Bush takes Aids message to Botswana, a nation sitting on an HIV timebomb

Click to follow
The Independent Online

George Bush arrives today in this diamond-rich country, which is among the most politically and economically stable states in Africa. Yet Botswana faces annihilation because it has one of the highest rates of HIV/Aids in the world: 36 per cent of its 1.6 million people are infected.

Mr Bush will be in the country for only six hours but the visit will be dominated by discussion of the pandemic. The American President has pledged $15bn (£9bn) to fight Aids in Africa.

Philanthropic organisations such as the Bill and Melinda Gates Foundation, and drugs companies, including Merck, are pouring millions into prevention and treatment projects in Botswana. With the pharmaceutical giants finally providing cut-price HIV drugs to Africa, patients are being given hope of treatment and reprieve from full-blown Aids.

But questions are being asked: is the money going to where it is most needed, or being squandered on "vanity projects" that look good in the ethics section of company brochures? Mr Bush's wife, Laura, is to visit one of these projects today. She will go to the new Children's Centre of Clinical Excellence in the capital, Gaborone, with Botswana's first lady, Barbara Mogae.

The hospital was funded by the Gates Foundation and Secure the Future, the $100m charitable programme set up by the drugs giant Bristol-Myers Squibb. The building has cost $2m, and has a magnificent atrium, state-of-the art testing facilities and air-conditioned treatment rooms. But local Aids workers say the stigma of the virus is so great many parents will not take their children for tests there, because it will mark them out.

Two hundred yards away, a single-storey, shabby, prefab hut is bursting with patients queuing for the antiretroviral (ARV) drugs that stave off Aids. Hundreds of patients sit on benches for hours as a handful of doctors and nurses tries to find time to treat them. There is no privacy for patients and no air conditioning.

One doctor said: "We are working in cramped conditions, with the poorest and sickest people. It is difficult to realise there is that new hospital round the corner. I think the companies wanted something that looked good. I sometimes wonder how much good it will do when we can't even persuade parents to get their children tested."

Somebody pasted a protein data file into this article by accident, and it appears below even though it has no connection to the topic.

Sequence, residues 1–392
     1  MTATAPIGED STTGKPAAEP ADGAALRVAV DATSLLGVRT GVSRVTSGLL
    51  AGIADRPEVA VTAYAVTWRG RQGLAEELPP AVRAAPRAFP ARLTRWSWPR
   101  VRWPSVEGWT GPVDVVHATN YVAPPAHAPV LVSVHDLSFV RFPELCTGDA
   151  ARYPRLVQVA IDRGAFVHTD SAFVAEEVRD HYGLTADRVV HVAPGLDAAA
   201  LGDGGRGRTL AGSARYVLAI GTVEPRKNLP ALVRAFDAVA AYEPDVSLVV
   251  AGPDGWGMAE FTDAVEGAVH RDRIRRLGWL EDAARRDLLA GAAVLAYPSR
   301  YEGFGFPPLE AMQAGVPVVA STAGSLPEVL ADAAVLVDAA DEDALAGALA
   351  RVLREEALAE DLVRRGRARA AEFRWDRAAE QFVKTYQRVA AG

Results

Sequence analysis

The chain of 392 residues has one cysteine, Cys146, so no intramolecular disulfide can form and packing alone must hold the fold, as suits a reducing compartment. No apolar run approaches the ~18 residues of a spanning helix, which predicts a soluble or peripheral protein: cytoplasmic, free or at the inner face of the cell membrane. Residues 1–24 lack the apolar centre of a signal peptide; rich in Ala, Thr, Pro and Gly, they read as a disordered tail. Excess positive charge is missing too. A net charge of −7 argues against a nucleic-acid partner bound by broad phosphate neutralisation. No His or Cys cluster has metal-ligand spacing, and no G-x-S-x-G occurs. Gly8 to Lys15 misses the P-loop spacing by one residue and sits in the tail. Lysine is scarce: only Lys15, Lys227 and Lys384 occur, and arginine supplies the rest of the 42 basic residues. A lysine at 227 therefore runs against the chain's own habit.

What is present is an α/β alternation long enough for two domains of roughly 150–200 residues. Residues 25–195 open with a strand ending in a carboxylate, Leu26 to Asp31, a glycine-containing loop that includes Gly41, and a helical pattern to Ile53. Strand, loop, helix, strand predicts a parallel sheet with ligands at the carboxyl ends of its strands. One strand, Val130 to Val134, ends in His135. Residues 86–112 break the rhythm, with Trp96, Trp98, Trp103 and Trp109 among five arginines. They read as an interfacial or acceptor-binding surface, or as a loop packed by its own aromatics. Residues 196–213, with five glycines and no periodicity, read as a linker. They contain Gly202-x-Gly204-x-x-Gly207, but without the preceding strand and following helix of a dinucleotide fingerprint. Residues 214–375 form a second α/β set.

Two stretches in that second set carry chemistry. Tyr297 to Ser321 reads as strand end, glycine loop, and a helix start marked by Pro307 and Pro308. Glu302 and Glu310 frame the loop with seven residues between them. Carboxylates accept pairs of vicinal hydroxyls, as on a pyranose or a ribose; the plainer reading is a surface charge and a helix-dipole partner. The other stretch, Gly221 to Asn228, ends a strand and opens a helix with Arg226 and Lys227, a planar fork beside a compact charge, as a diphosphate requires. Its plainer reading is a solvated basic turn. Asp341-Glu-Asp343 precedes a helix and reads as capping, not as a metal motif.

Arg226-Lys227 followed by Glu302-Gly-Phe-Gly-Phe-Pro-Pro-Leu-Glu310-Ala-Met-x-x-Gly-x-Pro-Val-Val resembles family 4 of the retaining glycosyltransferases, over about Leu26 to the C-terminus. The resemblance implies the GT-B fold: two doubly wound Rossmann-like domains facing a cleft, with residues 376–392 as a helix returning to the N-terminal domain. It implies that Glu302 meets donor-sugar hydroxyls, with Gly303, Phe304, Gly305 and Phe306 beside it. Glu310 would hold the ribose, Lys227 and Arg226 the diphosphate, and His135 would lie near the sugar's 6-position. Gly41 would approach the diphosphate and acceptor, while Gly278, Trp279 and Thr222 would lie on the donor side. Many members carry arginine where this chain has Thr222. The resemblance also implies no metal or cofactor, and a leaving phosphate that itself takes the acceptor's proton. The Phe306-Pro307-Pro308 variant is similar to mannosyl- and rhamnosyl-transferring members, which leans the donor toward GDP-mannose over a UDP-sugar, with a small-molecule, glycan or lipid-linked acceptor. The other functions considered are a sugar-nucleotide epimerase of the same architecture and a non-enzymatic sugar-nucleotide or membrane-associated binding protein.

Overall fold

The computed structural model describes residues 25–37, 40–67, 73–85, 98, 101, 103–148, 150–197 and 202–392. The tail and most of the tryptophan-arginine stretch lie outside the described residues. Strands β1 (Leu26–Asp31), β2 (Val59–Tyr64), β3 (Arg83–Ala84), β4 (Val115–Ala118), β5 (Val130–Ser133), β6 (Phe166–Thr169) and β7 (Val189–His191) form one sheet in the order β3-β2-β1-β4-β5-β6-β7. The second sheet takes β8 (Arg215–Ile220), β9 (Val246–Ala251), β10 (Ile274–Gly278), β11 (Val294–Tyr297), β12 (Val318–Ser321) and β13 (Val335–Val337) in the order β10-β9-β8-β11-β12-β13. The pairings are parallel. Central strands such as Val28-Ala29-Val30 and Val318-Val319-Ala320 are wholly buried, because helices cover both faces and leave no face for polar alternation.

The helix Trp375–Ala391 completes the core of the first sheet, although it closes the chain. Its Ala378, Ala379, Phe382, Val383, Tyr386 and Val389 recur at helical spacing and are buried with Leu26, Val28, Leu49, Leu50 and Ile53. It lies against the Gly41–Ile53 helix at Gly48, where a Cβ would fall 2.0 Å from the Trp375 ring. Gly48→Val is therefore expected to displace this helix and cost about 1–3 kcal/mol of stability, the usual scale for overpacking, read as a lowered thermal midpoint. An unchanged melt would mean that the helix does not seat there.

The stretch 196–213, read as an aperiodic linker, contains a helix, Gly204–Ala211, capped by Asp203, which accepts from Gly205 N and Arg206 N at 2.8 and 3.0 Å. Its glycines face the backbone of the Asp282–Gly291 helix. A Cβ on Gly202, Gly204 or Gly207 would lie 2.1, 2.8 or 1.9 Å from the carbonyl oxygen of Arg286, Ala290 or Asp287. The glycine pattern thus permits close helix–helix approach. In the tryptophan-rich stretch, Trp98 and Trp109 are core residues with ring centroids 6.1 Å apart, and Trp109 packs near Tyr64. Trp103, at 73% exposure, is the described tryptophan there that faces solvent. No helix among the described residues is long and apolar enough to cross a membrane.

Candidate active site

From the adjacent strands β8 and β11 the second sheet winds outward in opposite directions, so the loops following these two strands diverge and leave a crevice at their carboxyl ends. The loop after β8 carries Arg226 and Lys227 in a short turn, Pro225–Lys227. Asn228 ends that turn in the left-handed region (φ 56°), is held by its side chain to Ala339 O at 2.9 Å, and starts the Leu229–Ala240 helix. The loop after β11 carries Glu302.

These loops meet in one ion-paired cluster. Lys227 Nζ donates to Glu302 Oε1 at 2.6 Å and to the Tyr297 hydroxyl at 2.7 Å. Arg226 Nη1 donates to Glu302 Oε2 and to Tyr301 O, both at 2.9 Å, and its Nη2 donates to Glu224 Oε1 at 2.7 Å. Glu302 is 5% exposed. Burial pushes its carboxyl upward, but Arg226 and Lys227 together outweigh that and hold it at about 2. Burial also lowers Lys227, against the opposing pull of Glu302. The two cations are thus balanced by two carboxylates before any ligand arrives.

Nowhere is the horror wreaked by Aids laid more bare than in Botswana. By 2010, half of all children in the country will be Aids orphans, and average life expectancy will have plummeted from 47 to just 27. Abe Whendero, of the country's National Aids Co-ordinating Agency, said: "Botswana is faced with extinction because of Aids. Without help, our country will disintegrate. What is so frightening is that the epidemic doesn't seem to be flattening out, as it has in Uganda."

The epidemic is claiming the lives of the people desperately needed to run the country; the death rate among teachers has risen by 60 per cent in five years; most of that is blamed on Aids. The 6,000-strong Botswana police force loses 10 people a month to the virus and the army also has high rates of infection. The reasons for Botswana's Aids epidemic are complex, and seeds lie in its prosperity. Unlike many neighbours, it has a good road system, which has made transport of goods easier and increased wealth. But this has also made the population more mobile and caused the rapid spread of HIV; the most infected areas lie along the main routes.

Cultural issues have also helped the virus to spread. In the 1990s, what locals call the "party boys" emerged, young men who moved to Gaborone looking for work, away from their families for perhaps the first time. They drink heavily and indulge in unprotected sex with multiple partners.

In rural Botswana, it is often assumed that when men or women return from the city, they have Aids and have come back to die; it has been seen so many times. Edward Baralemwa, executive secretary of the Pan-African Christian Aids Network said: "Aids means talking about sex and death, and Africans don't like to do that in public." Ernest Darkoh, an Aids specialist in Botswana, said: "There has been denial on a massive scale in this country."